Small Press United is another possible option geared toward “micro presses” (although they may have a minimum catalog size).
Other players such as IPG (who owns SPU), SCB, SPD, and Consortium all seem geared toward small presses with an existing catalog and established publication schedules. A fairly complete list of distribution possibilities can be found at IBPA’s website.
Bear in mind, a distributor will want exclusivity (they are the only seller) and likely will want the entire catalog. So mixing and matching traditional and POD distribution may not be allowed.
The other path into the trade is through a print-on-demand service that includes distribution. And the largest player in this space, coincidentally the largest player in the wholesale traditional distribution space as well, is Ingram.
Ingram’s entry-level service, IngramSpark offers a semi-automated web-based system for uploading both print book files and ePubs, and includes listing in the Ingram wholesale catalog, making your book available to book stores, libraries, and online retailers including BookShop.org, IndieBound.org, Barnes & Noble, and of course also Amazon.
The main downside to POD is a lack of options and control. IngramSpark, through their printing engine Lightning Source, offer softcover and hard cover, even dust jackets in some cases. Black and white or two levels of color printing are offered. But no cover embellishments like spot varnish or embossing, no softcover flaps, no paper weight options, and no control over the quality of the printing.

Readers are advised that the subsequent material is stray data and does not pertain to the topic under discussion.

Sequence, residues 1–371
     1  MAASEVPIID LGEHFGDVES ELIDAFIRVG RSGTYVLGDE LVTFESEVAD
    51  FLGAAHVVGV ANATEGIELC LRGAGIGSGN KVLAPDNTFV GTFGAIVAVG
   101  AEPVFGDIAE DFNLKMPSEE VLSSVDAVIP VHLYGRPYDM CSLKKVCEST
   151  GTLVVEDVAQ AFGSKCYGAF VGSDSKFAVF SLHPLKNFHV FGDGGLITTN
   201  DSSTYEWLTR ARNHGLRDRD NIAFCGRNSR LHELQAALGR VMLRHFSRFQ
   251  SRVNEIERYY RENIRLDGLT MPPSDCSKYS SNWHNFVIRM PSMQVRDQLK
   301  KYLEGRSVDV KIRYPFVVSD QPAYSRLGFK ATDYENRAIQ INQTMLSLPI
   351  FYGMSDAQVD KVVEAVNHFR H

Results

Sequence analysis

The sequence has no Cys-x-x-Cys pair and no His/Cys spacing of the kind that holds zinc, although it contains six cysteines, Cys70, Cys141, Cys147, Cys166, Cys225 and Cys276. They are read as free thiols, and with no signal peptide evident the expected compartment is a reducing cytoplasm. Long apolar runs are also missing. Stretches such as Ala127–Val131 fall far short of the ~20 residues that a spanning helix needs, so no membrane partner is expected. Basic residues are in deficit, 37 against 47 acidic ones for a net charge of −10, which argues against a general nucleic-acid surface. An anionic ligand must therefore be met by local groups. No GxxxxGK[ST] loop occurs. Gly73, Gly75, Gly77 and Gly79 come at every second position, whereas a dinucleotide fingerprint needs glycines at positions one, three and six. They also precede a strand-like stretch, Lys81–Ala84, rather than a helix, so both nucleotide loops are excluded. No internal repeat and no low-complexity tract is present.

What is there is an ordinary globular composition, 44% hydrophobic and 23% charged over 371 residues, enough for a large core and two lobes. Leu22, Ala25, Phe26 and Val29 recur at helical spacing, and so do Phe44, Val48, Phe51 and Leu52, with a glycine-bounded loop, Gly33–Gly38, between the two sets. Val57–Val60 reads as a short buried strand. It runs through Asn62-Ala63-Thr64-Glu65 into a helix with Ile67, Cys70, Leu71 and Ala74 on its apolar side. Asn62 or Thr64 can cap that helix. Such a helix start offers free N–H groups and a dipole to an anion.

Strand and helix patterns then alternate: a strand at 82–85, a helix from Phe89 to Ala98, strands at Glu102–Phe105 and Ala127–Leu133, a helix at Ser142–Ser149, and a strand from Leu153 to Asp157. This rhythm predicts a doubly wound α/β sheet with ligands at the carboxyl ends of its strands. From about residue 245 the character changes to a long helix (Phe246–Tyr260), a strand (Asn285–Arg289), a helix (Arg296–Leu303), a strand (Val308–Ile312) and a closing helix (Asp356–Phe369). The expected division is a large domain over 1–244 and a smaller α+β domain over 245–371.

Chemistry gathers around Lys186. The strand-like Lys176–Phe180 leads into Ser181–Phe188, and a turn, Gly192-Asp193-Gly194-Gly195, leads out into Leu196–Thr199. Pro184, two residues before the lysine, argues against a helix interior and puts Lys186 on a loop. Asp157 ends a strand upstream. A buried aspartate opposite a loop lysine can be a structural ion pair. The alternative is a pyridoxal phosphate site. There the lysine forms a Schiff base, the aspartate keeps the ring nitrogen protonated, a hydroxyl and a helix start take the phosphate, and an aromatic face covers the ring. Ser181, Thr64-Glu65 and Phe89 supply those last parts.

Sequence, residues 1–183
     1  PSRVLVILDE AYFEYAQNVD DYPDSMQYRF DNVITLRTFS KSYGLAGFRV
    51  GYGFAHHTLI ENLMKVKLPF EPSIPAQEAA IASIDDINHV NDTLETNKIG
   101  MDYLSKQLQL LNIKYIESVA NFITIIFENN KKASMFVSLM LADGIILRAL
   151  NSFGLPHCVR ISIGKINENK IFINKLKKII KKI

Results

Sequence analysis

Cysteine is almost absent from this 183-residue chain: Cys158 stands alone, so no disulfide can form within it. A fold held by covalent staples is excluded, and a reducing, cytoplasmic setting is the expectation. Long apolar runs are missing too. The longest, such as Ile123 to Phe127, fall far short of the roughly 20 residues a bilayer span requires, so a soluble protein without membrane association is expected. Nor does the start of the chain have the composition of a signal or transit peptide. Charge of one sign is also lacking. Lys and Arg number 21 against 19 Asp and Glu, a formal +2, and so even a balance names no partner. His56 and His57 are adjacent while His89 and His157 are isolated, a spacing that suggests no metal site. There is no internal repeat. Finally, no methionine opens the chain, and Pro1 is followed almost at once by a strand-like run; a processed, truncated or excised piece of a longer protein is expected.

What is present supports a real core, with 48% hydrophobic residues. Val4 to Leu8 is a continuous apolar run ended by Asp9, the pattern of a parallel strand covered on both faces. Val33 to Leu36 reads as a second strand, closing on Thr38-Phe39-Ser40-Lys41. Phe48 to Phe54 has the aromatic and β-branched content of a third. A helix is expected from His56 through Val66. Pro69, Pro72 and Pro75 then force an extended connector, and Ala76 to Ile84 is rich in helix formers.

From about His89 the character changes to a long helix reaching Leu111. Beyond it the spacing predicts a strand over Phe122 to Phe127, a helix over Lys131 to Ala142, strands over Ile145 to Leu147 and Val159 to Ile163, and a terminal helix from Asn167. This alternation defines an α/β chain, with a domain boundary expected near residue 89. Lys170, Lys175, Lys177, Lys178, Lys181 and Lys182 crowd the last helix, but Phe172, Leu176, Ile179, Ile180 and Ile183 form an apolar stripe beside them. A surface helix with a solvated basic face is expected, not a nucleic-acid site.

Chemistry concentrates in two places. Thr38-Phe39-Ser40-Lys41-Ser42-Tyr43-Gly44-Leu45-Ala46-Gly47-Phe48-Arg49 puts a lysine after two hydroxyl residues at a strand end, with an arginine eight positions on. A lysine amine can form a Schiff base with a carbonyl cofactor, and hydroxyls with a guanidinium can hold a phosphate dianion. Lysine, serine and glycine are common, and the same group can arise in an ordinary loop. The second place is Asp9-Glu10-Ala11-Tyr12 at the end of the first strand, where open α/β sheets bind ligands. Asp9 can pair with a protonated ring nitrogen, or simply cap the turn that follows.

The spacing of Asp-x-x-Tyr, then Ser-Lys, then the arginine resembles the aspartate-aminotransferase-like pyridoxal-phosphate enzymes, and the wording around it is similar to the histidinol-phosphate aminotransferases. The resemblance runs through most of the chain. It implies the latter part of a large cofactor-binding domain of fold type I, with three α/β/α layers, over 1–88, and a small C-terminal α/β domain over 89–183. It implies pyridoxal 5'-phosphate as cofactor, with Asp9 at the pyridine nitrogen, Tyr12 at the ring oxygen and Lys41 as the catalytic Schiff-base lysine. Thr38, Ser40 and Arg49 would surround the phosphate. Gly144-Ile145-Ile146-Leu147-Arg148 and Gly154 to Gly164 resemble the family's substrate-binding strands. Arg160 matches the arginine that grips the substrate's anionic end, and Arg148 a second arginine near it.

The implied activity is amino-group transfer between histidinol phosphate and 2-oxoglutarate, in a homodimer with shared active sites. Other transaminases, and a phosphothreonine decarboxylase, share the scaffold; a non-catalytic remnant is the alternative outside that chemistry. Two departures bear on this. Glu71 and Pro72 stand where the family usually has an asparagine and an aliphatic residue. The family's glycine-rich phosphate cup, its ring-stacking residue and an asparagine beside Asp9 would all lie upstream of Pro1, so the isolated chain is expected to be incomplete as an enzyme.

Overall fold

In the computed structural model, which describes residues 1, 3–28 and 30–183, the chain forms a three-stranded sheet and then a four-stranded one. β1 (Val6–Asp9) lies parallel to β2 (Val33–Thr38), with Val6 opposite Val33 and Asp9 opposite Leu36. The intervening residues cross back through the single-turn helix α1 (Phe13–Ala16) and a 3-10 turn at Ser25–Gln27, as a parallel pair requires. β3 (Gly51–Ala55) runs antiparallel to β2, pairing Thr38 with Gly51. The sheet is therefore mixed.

This is a perfectly reasonable compromise for many publishers, but it will depend on the book. This is a deal-breaker for high-quality art books. And even with color children’s picture books it can be cost prohibitive.
Catalog only means a bookstore can, not will, carry your book
But the main advantage is that anybody can print and distribute a book this way. Mind you, having the book in the Ingram catalog does not guarantee sales—you’ll still have to promote and market your book. And without a traditional distributor’s sales team working for you, you may still find it difficult for your book to find its way onto bookstore shelves.
Which still leaves us with question #1: are book store sales important to your business at this point in time?
Other POD players
IngramSpark is not the only player out there. Other companies such as Amazon’s KDP (formerly CreateSpace), BookBaby, and Lulu offer different levels of support and access to print book services. Previously I compared the dominant players KDP and IngramSpark.
Nobody wants to carry a book that is hard to sell. The bookstore will generally only carry books that have appeal and interest to its customers. Promotion and marketing can help with that, but having an easy way for the bookstore to buy your book helps, too. And that means you need a relationship with a distributor.
For new publishers, who lack an established track record, it is very difficult to establish a traditional distribution agreement. You’ll have to demonstrate something that is really worth the distributor’s time. Fortunately, there are also print-on-demand services that offer distribution as a way to on-ramp your fledgling new venture.
But if this describes you, the first question you need to answer is whether bookstores are actually important to your business at this point? If you expect the vast majority of your sales to be direct (e.g. your website, or speaking engagements) or online (e.g. Amazon, Bookshop.org), maybe the costs and burdens of traditional distribution aren’t worth it at this time.